Project Management Institute

Walk Before You Run

Mastering Agile Techniques Takes Time, So Avoid Perfectionism

By Jesse Fewell, CST, PMI-ACP, PMP, Contributing Editor

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A project manager recently told me she was frustrated with her team. “Every month they do a week of requirements, followed by two weeks of work, followed by a week of verification. They're delivering every month, but it's a mini waterfall, and it's driving me crazy.”

Many project managers smitten with agile will demand that teams implement new methods perfectly right out of the gate. It makes sense: They want to do it “right” so teams can excel faster. Unfortunately, the frustrated project manager I spoke with was so fixated on the technique of continuous collaboration that she missed what mattered: Her team's imperfect agile processes had dramatically accelerated delivery.

Anyone new to agile goes through a very bumpy progression: Nobody is perfect on day one. Agile practitioners have developed a rather esoteric shorthand for this progression borrowed from the idea of shuhari in the Japanese martial art aikido: from shu (follow the rules explicitly) to ha (bend the rules by tailoring to context) to ri (transcend the rules by doing only what is necessary). I prefer a more familiar analogy: crawl, walk, run.

Start by crawling. In the beginning, your team is confused. Decomposing large deliverables into incremental pieces is a skill that takes practice, so half-completed work might be all you have at the next iteration. Having people collaborate across silos can be uncomfortable, so you might only get a few people talking in those multi-vendor meetings. The key objective in these early stages is to encourage and praise progress of any kind.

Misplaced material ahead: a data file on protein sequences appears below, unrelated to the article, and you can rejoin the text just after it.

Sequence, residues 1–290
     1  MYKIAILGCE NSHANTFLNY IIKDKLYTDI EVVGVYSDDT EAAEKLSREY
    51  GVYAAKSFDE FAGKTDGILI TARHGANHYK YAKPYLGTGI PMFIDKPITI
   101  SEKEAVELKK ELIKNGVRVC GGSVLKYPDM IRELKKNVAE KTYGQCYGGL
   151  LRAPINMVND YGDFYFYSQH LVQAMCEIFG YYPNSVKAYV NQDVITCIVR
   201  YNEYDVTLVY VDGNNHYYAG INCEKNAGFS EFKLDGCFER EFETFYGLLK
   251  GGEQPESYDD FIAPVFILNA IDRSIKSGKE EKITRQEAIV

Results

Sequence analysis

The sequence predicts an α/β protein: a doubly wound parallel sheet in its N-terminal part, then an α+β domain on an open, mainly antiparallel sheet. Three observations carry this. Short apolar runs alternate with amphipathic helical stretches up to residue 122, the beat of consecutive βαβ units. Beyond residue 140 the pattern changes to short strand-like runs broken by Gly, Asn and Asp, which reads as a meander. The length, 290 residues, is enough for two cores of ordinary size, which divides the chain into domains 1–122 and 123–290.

Begin to walk. Eventually, you'll see momentum. That monthly life cycle will begin to feel routine; incremental deliverables will become more substantive; stakeholders will start to engage in the project. Once the team members gain confidence, a project leader can start to challenge them to experiment with new approaches and techniques. The objective is to keep improving. Forget perfect—celebrate better.

Once the team members gain confidence, a project leader can start to challenge them to experiment with new approaches and techniques.

Evolve to run. If your team sticks together long enough, it might break through to a high-performing state. Almost always, this kind of supercharged dynamic involves a significant change in work practices over time initiated by the team itself. For example, meetings are replaced with organic coordination; designers and testers volunteer to help each other; somebody finds a shortcut through repetitive tasks. Wise project leaders guide a team from where it is, not where they wish it were. Wrong at first is okay—give it time. PM

image Jesse Fewell, CST, PMI-ACP, PMP, has served on the core team of the Software Extension to the PMBOK® Guide and the Steering Committee for the PMI-ACP® certification. He can be reached at email@jessefewell.com.
This material has been reproduced with the permission of the copyright owner. Unauthorized reproduction of this material is strictly prohibited. For permission to reproduce this material, please contact PMI.

JANUARY 2017 PM NETWORK
PM NETWORK JANUARY 2017 WWW.PMI.ORG

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